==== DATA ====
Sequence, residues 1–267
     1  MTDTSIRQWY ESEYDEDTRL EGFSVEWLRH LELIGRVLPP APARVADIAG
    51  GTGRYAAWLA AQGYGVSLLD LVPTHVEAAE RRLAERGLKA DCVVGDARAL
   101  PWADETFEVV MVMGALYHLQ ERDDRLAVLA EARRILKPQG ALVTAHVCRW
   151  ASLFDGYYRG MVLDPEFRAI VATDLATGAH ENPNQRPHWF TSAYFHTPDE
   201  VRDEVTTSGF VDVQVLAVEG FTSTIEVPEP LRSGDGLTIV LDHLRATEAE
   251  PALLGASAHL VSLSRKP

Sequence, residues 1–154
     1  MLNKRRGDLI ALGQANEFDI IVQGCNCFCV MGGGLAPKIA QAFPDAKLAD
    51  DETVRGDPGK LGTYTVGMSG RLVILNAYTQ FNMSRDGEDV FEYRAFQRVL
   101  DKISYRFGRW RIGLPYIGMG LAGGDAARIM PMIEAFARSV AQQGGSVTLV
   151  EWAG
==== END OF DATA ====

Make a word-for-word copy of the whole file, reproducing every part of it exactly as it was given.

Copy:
Sequence, residues 1–267
     1  MTDTSIRQWY ESEYDEDTRL EGFSVEWLRH LELIGRVLPP APARVADIAG
    51  GTGRYAAWLA AQGYGVSLLD LVPTHVEAAE RRLAERGLKA DCVVGDARAL
   101  PWADETFEVV MVMGALYHLQ ERDDRLAVLA EARRILKPQG ALVTAHVCRW
   151  ASLFDGYYRG MVLDPEFRAI VATDLATGAH ENPNQRPHWF TSAYFHTPDE
   201  VRDEVTTSGF VDVQVLAVEG FTSTIEVPEP LRSGDGLTIV LDHLRATEAE
   251  PALLGASAHL VSLSRKP

Sequence, residues 1–154
     1  MLNKRRGDLI ALGQANEFDI IVQGCNCFCV MGGGLAPKIA QAFPDAKLAD
    51  DETVRGDPGK LGTYTVGMSG RLVILNAYTQ FNMSRDGEDV FEYRAFQRVL
   101  DKISYRFGRW RIGLPYIGMG LAGGDAARIM PMIEAFARSV AQQGGSVTLV
   151  EWAG